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  4. Ahhh real pine is so lovely, but for the last thirty-one years I have hosted a series of pretend pine trees...that still shed a few 'needles'...just to make certain I do not entirely miss out on real pine pleasures :) xx from Gracie

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    1. Gotta have those needles on the floor! :)

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  5. You have chosen a lovely tree! And a great story with nice pictures :-)

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  6. Lovely little tree!!!!!

    And thank you for being distracted by all the pretty photo ops along the way. :-)

    We always used to pile in the car and go out and cut down our own Christmas Tree too. But now that we are 'Olden,' we have the artificial one. But the grown-children continue the tradition. :-) We can go right next door, and smell a reallllll one. :-)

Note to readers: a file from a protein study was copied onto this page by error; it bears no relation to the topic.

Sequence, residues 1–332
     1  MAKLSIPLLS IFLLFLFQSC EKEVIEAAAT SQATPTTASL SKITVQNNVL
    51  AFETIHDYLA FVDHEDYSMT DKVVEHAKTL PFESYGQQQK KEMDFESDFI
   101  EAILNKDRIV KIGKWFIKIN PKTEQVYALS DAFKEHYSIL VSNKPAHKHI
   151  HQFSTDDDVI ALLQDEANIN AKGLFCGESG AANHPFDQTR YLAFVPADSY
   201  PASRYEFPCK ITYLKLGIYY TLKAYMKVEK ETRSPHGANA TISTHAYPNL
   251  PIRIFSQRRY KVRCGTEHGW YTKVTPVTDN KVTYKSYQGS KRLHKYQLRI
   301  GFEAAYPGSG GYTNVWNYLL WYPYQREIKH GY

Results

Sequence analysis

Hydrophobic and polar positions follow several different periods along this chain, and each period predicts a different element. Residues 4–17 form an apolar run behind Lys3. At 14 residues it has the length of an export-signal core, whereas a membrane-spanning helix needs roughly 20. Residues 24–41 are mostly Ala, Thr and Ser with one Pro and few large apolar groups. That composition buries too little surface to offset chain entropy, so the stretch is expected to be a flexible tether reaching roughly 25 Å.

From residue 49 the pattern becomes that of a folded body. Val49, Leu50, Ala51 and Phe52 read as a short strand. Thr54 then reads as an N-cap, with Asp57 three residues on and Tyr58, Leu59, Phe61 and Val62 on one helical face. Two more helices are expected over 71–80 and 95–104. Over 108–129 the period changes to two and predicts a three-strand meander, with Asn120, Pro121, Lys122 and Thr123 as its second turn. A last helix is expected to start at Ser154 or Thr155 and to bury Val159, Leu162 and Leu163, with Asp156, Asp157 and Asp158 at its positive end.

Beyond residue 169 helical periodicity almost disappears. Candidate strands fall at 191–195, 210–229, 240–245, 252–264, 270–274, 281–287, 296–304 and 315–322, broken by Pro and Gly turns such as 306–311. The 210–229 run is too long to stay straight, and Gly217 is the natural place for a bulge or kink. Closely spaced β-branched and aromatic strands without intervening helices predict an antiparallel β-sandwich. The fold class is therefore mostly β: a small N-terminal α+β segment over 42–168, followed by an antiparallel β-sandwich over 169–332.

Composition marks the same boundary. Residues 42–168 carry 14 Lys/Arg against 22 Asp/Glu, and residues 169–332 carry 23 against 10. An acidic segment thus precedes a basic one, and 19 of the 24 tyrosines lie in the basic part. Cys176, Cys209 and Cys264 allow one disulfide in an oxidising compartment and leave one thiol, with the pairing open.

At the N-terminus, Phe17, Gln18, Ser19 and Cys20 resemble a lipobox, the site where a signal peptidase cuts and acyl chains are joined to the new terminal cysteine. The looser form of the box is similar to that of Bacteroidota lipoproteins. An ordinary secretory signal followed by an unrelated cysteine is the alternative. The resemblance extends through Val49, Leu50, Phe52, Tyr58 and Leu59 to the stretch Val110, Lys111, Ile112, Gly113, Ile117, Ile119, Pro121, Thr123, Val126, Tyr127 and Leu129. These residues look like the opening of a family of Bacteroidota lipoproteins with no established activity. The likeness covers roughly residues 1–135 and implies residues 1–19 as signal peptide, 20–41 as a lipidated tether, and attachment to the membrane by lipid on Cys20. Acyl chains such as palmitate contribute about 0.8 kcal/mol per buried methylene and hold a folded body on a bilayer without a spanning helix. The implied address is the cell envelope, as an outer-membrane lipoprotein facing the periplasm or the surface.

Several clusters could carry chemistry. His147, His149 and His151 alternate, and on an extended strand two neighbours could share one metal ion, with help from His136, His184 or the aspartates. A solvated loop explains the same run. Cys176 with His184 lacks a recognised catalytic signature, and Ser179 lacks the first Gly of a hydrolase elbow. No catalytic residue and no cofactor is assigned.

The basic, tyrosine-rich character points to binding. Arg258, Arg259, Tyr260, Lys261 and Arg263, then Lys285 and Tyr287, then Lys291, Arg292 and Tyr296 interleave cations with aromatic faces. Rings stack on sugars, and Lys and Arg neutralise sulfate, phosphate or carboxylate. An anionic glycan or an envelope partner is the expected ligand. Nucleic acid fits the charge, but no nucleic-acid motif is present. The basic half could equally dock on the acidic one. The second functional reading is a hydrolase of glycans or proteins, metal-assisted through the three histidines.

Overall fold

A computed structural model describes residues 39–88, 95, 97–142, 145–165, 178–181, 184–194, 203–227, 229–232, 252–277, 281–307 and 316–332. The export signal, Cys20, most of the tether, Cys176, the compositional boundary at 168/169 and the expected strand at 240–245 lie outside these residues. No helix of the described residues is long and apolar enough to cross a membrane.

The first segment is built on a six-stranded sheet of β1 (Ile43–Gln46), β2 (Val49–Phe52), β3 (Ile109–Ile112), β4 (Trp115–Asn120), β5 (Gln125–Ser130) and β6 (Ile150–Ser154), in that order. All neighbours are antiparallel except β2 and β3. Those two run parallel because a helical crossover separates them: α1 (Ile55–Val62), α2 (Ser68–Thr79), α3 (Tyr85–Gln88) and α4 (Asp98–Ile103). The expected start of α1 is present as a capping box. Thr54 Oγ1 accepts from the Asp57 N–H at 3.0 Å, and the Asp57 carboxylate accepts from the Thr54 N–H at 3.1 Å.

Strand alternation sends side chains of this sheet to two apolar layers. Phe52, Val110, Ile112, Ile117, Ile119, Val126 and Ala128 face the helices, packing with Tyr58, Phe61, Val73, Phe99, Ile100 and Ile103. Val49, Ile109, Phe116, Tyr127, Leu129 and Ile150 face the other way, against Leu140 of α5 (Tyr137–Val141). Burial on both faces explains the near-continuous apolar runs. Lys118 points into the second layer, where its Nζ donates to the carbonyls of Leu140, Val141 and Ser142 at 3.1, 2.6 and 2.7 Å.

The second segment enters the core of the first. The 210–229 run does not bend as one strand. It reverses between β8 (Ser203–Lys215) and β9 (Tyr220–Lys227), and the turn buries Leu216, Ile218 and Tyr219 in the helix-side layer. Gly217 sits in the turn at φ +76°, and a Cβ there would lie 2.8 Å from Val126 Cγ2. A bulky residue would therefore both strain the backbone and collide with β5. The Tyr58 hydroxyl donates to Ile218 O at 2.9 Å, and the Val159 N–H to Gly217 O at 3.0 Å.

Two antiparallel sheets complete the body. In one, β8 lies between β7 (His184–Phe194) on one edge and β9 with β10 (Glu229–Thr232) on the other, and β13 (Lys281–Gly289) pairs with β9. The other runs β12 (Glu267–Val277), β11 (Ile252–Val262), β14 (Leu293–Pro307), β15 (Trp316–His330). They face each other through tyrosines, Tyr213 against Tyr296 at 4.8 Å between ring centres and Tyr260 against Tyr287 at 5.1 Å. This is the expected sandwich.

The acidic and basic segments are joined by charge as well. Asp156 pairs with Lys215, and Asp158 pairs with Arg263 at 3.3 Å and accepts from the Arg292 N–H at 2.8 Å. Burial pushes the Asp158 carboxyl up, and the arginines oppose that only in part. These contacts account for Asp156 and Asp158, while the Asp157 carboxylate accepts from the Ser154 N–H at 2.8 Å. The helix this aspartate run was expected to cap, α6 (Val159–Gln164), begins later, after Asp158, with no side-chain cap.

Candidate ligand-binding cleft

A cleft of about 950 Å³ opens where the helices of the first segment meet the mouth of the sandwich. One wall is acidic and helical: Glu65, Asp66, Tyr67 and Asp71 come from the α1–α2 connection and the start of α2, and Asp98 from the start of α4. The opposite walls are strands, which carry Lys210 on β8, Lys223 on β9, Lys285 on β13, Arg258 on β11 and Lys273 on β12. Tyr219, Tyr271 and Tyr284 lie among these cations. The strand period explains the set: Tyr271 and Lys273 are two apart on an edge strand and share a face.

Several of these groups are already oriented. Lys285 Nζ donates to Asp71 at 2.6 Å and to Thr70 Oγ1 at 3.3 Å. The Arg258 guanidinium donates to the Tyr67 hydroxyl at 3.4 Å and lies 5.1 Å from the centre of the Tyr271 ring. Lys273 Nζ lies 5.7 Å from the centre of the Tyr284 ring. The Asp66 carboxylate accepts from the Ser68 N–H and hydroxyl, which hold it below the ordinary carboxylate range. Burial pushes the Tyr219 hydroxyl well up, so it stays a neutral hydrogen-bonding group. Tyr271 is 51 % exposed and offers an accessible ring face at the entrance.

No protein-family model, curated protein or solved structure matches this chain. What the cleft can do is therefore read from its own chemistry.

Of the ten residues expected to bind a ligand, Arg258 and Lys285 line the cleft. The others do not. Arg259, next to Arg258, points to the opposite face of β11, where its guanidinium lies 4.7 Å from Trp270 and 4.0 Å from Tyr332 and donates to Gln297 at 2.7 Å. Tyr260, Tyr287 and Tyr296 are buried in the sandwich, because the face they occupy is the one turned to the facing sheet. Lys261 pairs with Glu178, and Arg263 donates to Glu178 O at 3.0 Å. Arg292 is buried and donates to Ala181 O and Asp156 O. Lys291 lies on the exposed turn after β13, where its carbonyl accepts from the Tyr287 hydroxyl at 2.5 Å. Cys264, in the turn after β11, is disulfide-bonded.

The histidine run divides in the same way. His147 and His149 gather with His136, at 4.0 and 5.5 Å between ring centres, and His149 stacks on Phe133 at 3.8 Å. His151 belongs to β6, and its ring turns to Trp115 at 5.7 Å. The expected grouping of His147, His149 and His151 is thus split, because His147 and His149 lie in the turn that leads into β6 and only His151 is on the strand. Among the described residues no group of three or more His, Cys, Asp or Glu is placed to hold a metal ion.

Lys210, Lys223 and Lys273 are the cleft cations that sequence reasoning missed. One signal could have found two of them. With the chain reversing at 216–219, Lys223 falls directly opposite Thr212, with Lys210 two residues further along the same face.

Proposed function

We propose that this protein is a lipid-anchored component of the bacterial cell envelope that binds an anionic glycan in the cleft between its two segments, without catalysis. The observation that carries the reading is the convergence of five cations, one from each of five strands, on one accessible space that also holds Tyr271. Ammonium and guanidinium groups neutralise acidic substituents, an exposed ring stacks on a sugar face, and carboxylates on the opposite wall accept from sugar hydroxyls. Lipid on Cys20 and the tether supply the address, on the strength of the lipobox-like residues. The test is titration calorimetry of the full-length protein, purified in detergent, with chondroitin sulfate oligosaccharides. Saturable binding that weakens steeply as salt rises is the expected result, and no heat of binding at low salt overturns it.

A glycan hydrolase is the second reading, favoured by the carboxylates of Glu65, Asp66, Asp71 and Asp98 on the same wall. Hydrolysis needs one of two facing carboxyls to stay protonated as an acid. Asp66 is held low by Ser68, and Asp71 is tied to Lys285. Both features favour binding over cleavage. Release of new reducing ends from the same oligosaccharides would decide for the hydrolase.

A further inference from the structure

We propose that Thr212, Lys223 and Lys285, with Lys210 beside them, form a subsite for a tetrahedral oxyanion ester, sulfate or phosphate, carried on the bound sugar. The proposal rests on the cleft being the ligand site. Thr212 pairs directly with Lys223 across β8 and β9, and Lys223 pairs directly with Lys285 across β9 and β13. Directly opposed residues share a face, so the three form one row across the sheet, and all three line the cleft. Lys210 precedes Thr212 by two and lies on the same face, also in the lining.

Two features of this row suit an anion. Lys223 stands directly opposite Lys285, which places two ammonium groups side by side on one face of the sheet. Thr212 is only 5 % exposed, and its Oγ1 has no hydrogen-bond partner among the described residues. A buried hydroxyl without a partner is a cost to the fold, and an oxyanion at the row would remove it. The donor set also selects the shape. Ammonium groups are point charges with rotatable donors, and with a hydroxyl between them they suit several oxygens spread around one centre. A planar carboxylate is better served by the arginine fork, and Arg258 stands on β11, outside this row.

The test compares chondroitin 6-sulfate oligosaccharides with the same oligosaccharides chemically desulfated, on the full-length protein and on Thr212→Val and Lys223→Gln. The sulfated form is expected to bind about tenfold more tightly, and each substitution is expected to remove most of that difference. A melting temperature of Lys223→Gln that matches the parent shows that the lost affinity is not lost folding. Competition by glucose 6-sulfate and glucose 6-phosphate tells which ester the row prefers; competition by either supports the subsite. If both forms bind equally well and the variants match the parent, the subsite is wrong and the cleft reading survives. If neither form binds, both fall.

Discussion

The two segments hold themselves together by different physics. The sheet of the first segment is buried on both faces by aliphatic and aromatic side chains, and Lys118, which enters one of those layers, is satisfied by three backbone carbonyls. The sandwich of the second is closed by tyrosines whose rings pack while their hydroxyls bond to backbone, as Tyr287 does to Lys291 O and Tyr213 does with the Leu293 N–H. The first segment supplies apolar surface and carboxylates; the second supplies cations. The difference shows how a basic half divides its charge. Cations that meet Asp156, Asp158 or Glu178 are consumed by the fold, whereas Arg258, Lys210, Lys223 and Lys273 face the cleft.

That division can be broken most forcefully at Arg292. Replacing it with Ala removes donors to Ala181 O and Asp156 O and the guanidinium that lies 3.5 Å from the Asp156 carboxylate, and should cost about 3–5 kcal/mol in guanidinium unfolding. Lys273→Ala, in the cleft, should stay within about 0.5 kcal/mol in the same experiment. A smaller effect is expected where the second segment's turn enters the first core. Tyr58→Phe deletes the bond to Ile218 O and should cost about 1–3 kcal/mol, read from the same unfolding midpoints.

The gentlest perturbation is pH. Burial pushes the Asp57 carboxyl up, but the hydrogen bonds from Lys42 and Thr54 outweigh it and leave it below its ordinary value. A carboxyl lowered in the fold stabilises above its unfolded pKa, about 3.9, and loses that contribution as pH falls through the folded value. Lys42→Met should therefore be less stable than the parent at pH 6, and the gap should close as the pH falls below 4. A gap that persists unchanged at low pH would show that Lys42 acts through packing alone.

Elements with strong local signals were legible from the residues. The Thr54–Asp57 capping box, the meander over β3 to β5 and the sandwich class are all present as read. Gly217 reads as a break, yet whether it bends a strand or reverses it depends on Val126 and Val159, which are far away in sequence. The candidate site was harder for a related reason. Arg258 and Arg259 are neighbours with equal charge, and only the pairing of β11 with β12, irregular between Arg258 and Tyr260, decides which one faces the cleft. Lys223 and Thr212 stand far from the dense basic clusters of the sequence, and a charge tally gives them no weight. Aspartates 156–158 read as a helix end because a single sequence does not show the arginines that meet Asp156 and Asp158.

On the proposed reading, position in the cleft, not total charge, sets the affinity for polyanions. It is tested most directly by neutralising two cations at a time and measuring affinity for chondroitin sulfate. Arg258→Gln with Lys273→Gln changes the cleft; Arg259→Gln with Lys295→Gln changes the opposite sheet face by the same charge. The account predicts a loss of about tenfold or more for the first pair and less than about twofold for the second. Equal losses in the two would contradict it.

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  7. I love a short fat 'real' tree cut from the woods or a tree farm! My father used to go into the woods and cut a few scraggly trees, bring them home and work his magic by turning those into one magnificent tree. We now have a small fake tree- I miss the smell and the mess of a real tree!

    Love the scarf/cowl on the cover of Interweave Crochet. Very well done!

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    1. Thanks, Deborah! We saw the magazine at Barnes & Noble the other night - it was very surreal to see my name there in print.

      I usually try to find a tall, slim tree (we have high ceilings) but sometimes a short fat one is the best choice. :)

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  8. I definitely like an imperfect tree, it reminds me of Charlie Brown's Christmas tree, imperfect is best.
    Hugs to you,
    Meredith

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    1. Yes, imperfect is so much easier to live with, isn't it? Thanks, Meredith. :)